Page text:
We eat sleep and live in Room 198. There are about 50 kids in there and 8 or 10 beds. There are no workers inside to take care of us so the kids try to take care of one another. When the workers come to clean our room, we get to go out in the hallway. We have only been outside twice.
— K.S.P.P., 11-year-old from Ecuador, at Clint Border Patrol station
As hundreds of migrant children languished in Border Patrol facilities at the Texas border this summer, the mammoth bureaucracy charged with taking them in found itself unprepared and slow to find space in increasingly full shelters.
The Department of Health and Human Services now says it needs up to 20,000 beds in permanent, state-licensed shelters nationwide to ensure that migrant children are never again left sleeping on concrete floors in border holding cells or shipped to unlicensed “influx” shelters that child advocates say function more like jails for kids.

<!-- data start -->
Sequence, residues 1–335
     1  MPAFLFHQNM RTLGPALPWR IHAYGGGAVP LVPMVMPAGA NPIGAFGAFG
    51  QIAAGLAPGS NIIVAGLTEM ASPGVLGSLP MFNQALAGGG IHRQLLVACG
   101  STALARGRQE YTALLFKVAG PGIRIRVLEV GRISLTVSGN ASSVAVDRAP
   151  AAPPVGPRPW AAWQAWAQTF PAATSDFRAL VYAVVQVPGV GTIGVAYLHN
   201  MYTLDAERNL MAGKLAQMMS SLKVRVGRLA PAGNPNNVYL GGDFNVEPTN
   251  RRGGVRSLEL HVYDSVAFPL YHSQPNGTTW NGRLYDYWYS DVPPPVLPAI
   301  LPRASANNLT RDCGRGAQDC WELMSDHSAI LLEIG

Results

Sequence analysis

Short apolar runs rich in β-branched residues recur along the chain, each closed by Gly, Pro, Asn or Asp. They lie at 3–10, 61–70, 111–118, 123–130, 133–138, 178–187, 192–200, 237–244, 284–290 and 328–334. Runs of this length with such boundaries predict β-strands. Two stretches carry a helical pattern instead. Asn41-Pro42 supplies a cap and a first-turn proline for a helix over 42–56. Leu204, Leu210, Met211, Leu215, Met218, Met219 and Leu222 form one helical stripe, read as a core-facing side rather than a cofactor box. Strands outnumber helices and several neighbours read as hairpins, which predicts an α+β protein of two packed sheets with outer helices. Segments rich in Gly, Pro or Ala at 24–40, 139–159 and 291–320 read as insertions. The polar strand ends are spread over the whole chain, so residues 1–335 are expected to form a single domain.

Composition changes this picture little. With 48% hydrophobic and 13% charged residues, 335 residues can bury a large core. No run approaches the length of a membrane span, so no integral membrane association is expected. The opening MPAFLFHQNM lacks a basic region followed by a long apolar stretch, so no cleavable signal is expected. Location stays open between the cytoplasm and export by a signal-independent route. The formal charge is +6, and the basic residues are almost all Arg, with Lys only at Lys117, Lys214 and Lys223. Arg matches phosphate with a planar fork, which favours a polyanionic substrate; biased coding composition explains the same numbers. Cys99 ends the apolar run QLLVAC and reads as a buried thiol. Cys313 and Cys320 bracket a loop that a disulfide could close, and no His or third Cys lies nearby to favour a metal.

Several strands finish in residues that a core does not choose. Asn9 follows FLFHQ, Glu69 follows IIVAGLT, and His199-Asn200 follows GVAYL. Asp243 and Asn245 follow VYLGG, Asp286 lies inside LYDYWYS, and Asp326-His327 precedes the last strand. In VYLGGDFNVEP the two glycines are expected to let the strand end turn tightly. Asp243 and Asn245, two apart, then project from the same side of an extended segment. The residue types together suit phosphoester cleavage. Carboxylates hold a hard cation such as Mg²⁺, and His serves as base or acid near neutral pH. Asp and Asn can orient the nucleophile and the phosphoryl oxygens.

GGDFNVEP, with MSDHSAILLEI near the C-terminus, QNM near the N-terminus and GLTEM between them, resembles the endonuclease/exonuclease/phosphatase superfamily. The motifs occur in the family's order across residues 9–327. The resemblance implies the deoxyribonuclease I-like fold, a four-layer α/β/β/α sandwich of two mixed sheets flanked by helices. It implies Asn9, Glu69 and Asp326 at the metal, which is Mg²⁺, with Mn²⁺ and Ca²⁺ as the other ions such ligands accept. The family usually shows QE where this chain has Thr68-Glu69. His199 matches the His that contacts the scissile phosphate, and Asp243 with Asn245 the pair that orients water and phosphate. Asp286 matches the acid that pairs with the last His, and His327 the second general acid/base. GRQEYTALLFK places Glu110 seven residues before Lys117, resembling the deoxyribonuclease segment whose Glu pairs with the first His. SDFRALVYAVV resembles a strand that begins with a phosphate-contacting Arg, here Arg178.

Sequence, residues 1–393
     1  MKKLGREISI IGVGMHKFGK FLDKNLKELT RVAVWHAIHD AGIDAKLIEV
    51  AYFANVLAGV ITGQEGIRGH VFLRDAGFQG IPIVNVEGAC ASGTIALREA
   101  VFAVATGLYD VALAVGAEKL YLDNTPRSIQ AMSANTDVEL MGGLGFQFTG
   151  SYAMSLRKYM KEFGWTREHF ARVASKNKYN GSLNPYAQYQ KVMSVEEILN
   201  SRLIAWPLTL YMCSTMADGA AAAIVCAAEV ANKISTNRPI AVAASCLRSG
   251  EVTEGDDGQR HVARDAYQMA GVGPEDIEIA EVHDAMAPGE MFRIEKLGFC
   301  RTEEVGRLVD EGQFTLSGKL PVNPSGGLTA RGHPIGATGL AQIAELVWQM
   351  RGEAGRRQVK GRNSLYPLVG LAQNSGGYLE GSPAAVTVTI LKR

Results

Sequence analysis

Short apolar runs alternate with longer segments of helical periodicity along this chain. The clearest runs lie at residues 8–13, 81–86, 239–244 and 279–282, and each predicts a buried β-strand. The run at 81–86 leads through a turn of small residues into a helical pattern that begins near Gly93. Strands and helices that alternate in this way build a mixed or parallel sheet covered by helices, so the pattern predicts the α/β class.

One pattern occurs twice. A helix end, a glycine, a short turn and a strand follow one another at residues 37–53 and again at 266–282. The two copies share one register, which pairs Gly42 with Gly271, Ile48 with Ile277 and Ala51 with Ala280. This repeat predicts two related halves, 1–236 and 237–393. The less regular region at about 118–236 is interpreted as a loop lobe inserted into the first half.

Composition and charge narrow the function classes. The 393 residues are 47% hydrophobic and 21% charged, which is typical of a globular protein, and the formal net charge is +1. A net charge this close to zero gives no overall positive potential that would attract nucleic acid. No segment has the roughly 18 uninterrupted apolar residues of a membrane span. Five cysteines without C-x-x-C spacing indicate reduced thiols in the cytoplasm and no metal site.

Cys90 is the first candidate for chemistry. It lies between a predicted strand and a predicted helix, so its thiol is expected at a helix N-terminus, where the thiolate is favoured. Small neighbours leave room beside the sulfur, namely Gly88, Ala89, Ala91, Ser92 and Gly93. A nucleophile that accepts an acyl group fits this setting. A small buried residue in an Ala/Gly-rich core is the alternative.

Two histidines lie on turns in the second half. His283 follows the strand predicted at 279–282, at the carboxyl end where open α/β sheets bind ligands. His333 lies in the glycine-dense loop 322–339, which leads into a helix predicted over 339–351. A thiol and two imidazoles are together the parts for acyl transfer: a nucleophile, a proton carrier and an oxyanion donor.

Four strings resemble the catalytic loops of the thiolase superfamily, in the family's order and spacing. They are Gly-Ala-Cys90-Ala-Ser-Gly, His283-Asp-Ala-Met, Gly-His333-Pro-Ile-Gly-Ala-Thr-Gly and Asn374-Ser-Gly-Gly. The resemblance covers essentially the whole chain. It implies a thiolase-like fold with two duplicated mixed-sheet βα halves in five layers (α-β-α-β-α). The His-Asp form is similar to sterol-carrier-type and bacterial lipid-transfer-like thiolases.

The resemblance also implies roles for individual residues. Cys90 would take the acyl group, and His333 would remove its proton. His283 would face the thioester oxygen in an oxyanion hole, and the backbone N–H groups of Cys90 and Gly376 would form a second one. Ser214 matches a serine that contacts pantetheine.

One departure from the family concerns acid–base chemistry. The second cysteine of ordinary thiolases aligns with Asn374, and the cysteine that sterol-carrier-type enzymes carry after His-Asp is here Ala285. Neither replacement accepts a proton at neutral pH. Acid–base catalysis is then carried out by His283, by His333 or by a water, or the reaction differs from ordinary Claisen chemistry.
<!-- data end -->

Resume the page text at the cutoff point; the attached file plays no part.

“We should not wait and then respond to surges in a crisis management system,” Lynn Johnson, assistant secretary of the HHS Administration for Children and Families (ACF), told Congress in July.
“We should be prepared because this continues to happen over administration to administration,” she said. “We should always have these beds available so we don’t have to put kids in influx shelters.”
The U.S. system of humanely receiving and sheltering unaccompanied immigrant children at the border broke down spectacularly this summer.
Toddlers in diapers, children barely old enough to tie their shoelaces and teens made to care for tiny strangers were crammed by the hundreds into cement block cells — the border equivalent of police booking units designed to detain men.
Attorneys sent to monitor the Clint Border Patrol station in June as part of the landmark Flores settlement found the children hungry, sick, dirty and held for days. In sworn statements, the children described the conditions in their own words.